Rushdie's Receding Talent
Alas, there is not a single real, intimate moment between characters in this book; not a single scene or situation unfolding according to its inner laws, away from the disheveling hurry of the novel's judgments and opinions; and barely any dialogue. Shalimar the Clown is nearly all exposition. Rushdie hastily comments on his characters and their milieus from the outside; he never gives them an inner life out of which they can act and speak for themselves. Even Rushdie's playful antics have descended into boorish attempts at being funny: "The Russian super was as broad of mind as she was of behind."
Max, for example, seems less a character than somebody's ego-ideal: i.e., the construction of a flawless self-image in response to feelings of humiliation and shame. He is a "brilliant storyteller of infinite charm," a "brilliant young economist, lawyer and student of international relations, the master forger of the Resistance, the ace pilot, the Jewish survivor [Rushdie misuses the word "survivor" in this context; Max was never in a camp], the genius of Bretton Woods, the bestselling author, the American ambassador cocooned in the house of power." He is also a great lover, a sort of democratic socialist suspicious of American influence abroad and a real charmer. His only flaw is his weakness for women, which Rushdie conventionally portrays as just another part of the hero-genius package. True to one of the novel's two epigraphs--"a plague on both your houses"--Max does become the object of some anguished reflecting on the part of Kashmira:
She learned, now, of another Max.... Max the occult servant of American geopolitical interest. Invisible Max, on whose invisible hands there might very well be, there almost certainly was, there had to be, didn't there, a quantity of the world's visible and invisible blood...had justice been done to Max...?
The impossibly trite, almost cartoon-like sentiments are bad enough. They are also incoherent, given that up until now, as well as immediately following this passage, Rushdie has portrayed Max as a figure of monumental integrity. Kashmira's sudden expression of a certain kind of political piety exists vacuously in this novel alongside "iron" fanatical mullahs, grim Islamist suicide bombers, Hindu victims of Muslim violence, Muslim victims of Hindu violence--all thrown into the story with a mechanical and morally pretentious display of "balance" rather than with real conviction, except for Rushdie's belief that "our lives, our stories, flowed into one another's."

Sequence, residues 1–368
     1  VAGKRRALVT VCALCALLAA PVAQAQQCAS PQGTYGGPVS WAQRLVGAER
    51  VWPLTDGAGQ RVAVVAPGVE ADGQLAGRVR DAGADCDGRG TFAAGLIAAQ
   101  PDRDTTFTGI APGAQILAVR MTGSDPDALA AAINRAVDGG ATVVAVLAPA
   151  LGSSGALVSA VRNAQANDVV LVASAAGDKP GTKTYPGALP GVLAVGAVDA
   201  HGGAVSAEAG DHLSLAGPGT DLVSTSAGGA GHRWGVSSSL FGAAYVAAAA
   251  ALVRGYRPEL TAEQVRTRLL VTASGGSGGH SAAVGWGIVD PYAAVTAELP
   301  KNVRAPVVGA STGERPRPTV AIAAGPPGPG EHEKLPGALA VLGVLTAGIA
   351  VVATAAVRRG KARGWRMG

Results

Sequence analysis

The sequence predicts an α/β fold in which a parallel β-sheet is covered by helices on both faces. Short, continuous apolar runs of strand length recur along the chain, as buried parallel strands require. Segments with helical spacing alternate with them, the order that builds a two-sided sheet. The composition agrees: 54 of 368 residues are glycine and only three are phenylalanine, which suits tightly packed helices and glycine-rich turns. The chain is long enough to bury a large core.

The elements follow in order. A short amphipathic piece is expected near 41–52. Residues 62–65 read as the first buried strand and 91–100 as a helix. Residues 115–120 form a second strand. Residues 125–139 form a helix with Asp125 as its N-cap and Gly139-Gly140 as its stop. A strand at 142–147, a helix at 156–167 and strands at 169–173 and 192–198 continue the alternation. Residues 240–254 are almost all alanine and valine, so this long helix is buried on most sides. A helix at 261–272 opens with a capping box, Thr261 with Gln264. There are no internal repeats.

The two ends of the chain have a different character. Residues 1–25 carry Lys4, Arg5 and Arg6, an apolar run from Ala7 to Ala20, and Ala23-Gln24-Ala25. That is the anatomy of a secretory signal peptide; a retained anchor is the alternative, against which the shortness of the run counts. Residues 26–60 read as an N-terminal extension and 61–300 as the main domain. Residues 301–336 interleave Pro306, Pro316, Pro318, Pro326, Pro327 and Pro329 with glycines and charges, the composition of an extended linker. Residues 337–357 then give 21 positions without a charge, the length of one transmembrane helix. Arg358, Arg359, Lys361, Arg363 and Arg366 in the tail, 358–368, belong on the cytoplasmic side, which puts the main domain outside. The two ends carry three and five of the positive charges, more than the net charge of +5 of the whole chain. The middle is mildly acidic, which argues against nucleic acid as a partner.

But Rushdie himself apparently doesn't believe that we're all connected, because he portrays some of the people in this novel's world as if they lived on an alien planet. Here is the dialect he puts in the mouth of a Russian immigrant in LA: "Say him yes, my gorgeous. Sure, why not. You will be very happy, ten percent probability minimum, and if not, bah." Perhaps Rushdie's world-historical concepts have stopped up his ear for the way people speak. Here is Mrs. Shanti Dickens (more boorish humor), an Indian housekeeper in London: "Newer min', eh.... Nobody being 'urt, 'at is the mai' thing, hisn't it." And here is Rushdie's evocation of LA, an "everywhere" now part of Kashmir and London:
[Max] commanded [his driver] to stop the car outside the gates of an embattled high school past which even police cars would fearfully accelerate at certain times of day...until the driver, seeing the weapons emerging from their hiding places, the unsheathed knives like sharks, the unholstered snouts of the handguns, decided without waiting to be told to floor it and get out of there before the bad guys could start up their motorbikes and hunt them down.
Forget the ridiculous caricature of LA. Does Rushdie really believe that the military and terrorist brutalities afflicting Kashmir are the equivalent of the Los Angeles public school system at its worst? In that case, maybe all that Kashmir and other "hot spots" need is a few really tough substitute teachers. Along with being a lazy literary shortcut, the conceit that after 9/11's "collisions and explosions" every place and every person resembles every other place and person is a kind of artistic hysteria, a sort of martial law imposed on the imagination. Shalimar the Red Alert.
But so confused is this book beyond its complacent clarities, beyond its easy, all-embracing, platitudinous politics that its story finally undermines its theme. (Even the name "Noman," seemingly heavy with all kinds of significance, drifts through this mess of a novel into a portentous meaninglessness.) By attributing, as Rushdie does, the central violence in Shalimar to jealousy rather than to ideology, he is unwittingly affirming that people's stories are not alike; that whereas ideology funnels diverse thoughts and feelings into a single, pinpoint intensity, experience--for example, the experience of jealousy--shapes each person in a different way. Only tyrants delude themselves into seeing people and places as one undifferentiated mass, to be manipulated at will. Only tyrants, that is, and writers whose egos have been scarred and then inflated by the fury of tyrants.